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United States v. Schaffer

United States District Court, D. New Jersey

October 20, 2017

UNITED STATES OF AMERICA,
v.
GREGORY JOHN SCHAFFER, Defendant.

          OPINION

          JOSE L. LINARES, CHIEF JUDGE

         This matter comes before the Court by way of Defendant Gregory John Schaffer's Motion for Judgment of Acquittal pursuant to Rule 29 of the Federal Rules of Criminal Procedure. Defendant's Motion was made orally at the conclusion of trial on October 19, 2017. The Government opposes Defendant's Motion. For the reasons set forth herein, the Court denies Defendant's Motion.

         I. LEGAL STANDARD

         Rule 29(a) of the Federal Rules of Criminal Procedure allows a Defendant to move for a judgment of acquittal "[a]fter the government closes its evidence or after the close of all evidence." Fed. R. Crim. P. 29(a). "[T]he court on the defendant's motion must enter a judgment of acquittal of any offense for which the evidence is insufficient to sustain a conviction." Id. In deciding such Motions, the Court '"review[s] the record in the light most favorable to the prosecution to determine whether any rational trier of fact could [find] proof of guilt[] beyond a reasonable doubt.'" United States v. Swan, 2017 U.S. App. LEXIS 17417, *8-9 (3d Cir. Sept. 8, 2017) (quoting United States v. Caraballo-Rodriguez, 726 F.3d 418, 430 (3d Cir. 2013) (en banc) (additional citations omitted).

         II. DISCUSSION

         Defendant's argument is straightforward. According to Defendant, none of the evidence in the record shows that Defendant himself placed the sexually explicit materials onto his Acer Laptop and/or the Gigaware External Hard Drive. Defendant concedes that he appears in the videos that were presented to the jury and the he engaged in sexual conduct with minor females. He further concedes that the Government need not present evidence that he personally recorded the videos and took the subject illicit photographs. Rather, the crux of Defendant's argument is that there is no evidence to support the fact Defendant ever placed the illicit materials on his electronic devices or knew that said materials were even on same.

         In making this argument, Defendant relies on the case of United States v. Lively, 852 F.3d 549 (6th Cir. 2017). Defendant Lively in that case had a co-defendant who photographed Defendant Lively engaging in sexual conduct with a nine-year old boy. Lively, 852 F.3d at 553. The Government executed a search warrant at one of Defendant Lively's co-defendant's homes. Id. There, the Government located "three items that would prove important to [Defendant] Lively's eventual prosecution:" 1) a Kodak digital camera; 2) a SanDisk memory card that was inside said camera; and 3) a computer than contained a Seagate hard drive. Id. All three items were admitted into evidence at Defendant Lively's trial, along with testimony from a forensic expert. Id. at 554-55.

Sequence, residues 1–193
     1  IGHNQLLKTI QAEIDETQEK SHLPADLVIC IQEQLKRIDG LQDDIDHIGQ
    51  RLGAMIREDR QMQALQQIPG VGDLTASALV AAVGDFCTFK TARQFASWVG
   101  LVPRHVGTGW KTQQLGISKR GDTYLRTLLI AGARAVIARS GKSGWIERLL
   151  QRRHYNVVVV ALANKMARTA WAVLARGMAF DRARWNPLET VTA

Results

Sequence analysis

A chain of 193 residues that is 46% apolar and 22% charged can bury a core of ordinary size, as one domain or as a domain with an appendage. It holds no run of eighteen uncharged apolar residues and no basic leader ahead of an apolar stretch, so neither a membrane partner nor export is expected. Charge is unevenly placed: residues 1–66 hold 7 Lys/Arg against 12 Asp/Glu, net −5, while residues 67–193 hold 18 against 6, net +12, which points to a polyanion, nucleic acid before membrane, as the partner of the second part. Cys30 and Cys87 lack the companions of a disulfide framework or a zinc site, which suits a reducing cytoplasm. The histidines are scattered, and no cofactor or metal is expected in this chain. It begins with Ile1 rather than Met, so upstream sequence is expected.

At the conclusion of the Government's case, Defendant Lively moved pursuant to Rule 29, arguing that: 1) the "hard drive ... 'did not produce the visual depiction[s]' of [Defendant] Lively abusing the minor, [but rather the] Kodak camera did...;" and 2) "that the government had introduced 'no evidence that [Defendant Lively] had knowledge that' any of the images of himself 'were on' the ... Seagate hard drive." Id. at 555-56. The district court denied Defendant Lively's motion, finding that it was not necessary to show that Defendant Lively had knowledge of the images. Id. at 556.

         The Sixth Circuit affirmed Defendant Lively's conviction, but made various holdings with respect to the evidence and the Government's burden. Id. at 559. First, the Circuit Court held that copying images onto a hard drive constitutes production of child pornography. Id. Additionally, and saliently, the Sixth Circuit found that a third-party's copying of images that depicted Defendant Lively engaging in sex acts with a minor did not render Defendant Lively guilty of production of child pornography. Id. at 560-61. In arriving at this conclusion, the Court held that "there is no evidence in the record suggesting that, when [Defendant] Lively sexually abused the boy, he did so for the purpose of producing the Hard-Drive Images." Id. at 562.

         This second point made by the Sixth Circuit is what Defendant herein attempts to argue. As noted above, Defendant avers that there is no evidence in the record that could lead a reasonable fact finder to conclude that Defendant placed the videos onto the Acer Laptop and/or Gigaware Hard Drive. Based on this assertion, Defendant concludes that the Government has not produced sufficient evidence that the images and videos found on said devices were placed there by Defendant and that he had knowledge of same. Accordingly, Defendant believes the production of child pornography counts must be dismissed.

         The Government's response is straightforward as well. According to the Government, the record contains sufficient evidence to lead a reasonable jury to conclude that Defendant did in fact create the videos and images, and then, thereafter, place same onto his Acer Laptop and'or Gigaware Hard Drive. Specifically, the Government points to the following evidence:

1. The sexually explicit videos of Allison and Ashley that were found on the Acer Laptop
2. The Acer Laptop contained copies of the sexually explicit videos of Allison on the desktop
3. The sexually explicit photographs that Defendant took of Ashley were found ...

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